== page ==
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I've seen that happen on an a neighbor's 98 after the battery was disconnected and then reconnected. Engine didn't run properly, and lots (!) of trouble codes. Car was flat-bedded to dealer. Mechanic used the Subaru code reader (SSMIII) to clear the codes, and all was back to normal. The codes were caused by some sort of software glitch when the battery was disconnected and reconnected, and not due to actual engine problems. They included codes that would normally put the engine into "failsafe" mode. By clearing them using the SSMIII (not by disconnecting the battery), the engine control module starts back with it's defaults, instead of with the codes already triggered, and goes from there. Not sure if this is the same with your car, but perhaps worth trying.
 

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Battery, when fully charged, should be at around 12.7 Volts. 12.0 is usually a partially discharged battery. But the 14 V running is good. It's possible the battery has a bad cell, and can't be charged fully, or perhaps, as you noted, it never has a chance to be fully charged given the short commutes. It might be best to use a charger to get it up to full charge, or at least see if it can be charged.

The range of different, and seemingly unrelated, codes suggests they aren't real but are affecting the way the engine is controlled. They should be cleared, and then see what happens. If there is a real fault, one or more will come back. Otherwise the engine will probably settle down to normal operation.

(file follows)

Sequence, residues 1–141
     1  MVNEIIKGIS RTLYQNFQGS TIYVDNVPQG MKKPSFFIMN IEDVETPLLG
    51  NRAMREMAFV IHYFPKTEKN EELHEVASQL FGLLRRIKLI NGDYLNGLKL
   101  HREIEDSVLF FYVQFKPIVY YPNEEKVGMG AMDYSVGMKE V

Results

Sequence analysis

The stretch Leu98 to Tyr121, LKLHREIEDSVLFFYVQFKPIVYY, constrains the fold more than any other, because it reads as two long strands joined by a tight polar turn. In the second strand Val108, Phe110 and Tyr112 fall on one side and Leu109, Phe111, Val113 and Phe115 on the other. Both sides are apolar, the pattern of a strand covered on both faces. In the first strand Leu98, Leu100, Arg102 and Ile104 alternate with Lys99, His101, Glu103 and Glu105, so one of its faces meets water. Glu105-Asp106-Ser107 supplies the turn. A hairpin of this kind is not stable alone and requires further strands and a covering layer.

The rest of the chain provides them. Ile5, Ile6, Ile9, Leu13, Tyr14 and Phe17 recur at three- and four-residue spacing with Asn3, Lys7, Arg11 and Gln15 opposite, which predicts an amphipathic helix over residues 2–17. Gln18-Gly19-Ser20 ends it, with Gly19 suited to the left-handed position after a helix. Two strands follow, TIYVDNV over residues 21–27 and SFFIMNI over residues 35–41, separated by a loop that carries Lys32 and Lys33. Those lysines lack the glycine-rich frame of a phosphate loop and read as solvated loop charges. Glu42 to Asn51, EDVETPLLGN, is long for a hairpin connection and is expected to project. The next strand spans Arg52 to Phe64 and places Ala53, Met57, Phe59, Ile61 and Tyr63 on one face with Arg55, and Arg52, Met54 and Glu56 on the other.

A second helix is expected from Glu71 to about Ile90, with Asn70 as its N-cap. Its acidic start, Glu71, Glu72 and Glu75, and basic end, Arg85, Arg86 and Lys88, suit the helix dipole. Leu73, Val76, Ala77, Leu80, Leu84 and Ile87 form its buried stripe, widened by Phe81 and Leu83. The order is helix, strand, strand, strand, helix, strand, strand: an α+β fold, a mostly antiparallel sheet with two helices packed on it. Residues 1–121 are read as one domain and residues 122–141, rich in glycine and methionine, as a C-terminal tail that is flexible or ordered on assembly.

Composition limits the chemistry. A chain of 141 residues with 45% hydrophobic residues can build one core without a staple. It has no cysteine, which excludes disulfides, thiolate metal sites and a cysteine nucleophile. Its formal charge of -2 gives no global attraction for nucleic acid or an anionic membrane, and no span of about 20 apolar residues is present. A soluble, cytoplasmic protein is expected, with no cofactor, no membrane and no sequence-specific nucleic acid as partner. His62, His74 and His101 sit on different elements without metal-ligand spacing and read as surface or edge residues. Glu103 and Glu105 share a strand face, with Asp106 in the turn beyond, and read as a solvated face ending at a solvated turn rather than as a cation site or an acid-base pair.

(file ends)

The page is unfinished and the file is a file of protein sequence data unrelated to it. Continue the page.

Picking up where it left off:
P0101 Mass Air Flow (MAF) Circuit Range/Performance Problem
P0301 Cylinder #1 Misfire Detected
P0302 Cylinder #2 Misfire Detected
P0341 Camshaft Position Sensor Circuit Range/Performance
P0601 Internal Control Module Memory Check Sum Error
P1100 Starter Switch Circuit Malfunction
P1107 Secondary air injection (AIR) diagnosis solenoid - circuit malfunction
P1120 Starter Switch High Input
P1141 Mass Air Flow Sensor Circuit High Input

Although I imagine the code readers that Autozone uses can clear codes, I understand some stores won't clear codes on request. But maybe your local one will. Otherwise, many reasonable cost OBD-II code readers can clear codes and are often on sale at stores and on sites such as eBay.
 

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Good news. Thanks for the update.

Did Autozone clear the codes for you, and if not, how did you clear them?

Incidentally, your analog meter is fine for general work, but perhaps consider adding a digital multi-meter. They're relatively inexpensive, and will usually have the appropriate ranges for automotive work, including a low Voltage range that can be used to detect bad grounds in the charging system. Well worth it if you're going to be maintaining your car yourself.
 
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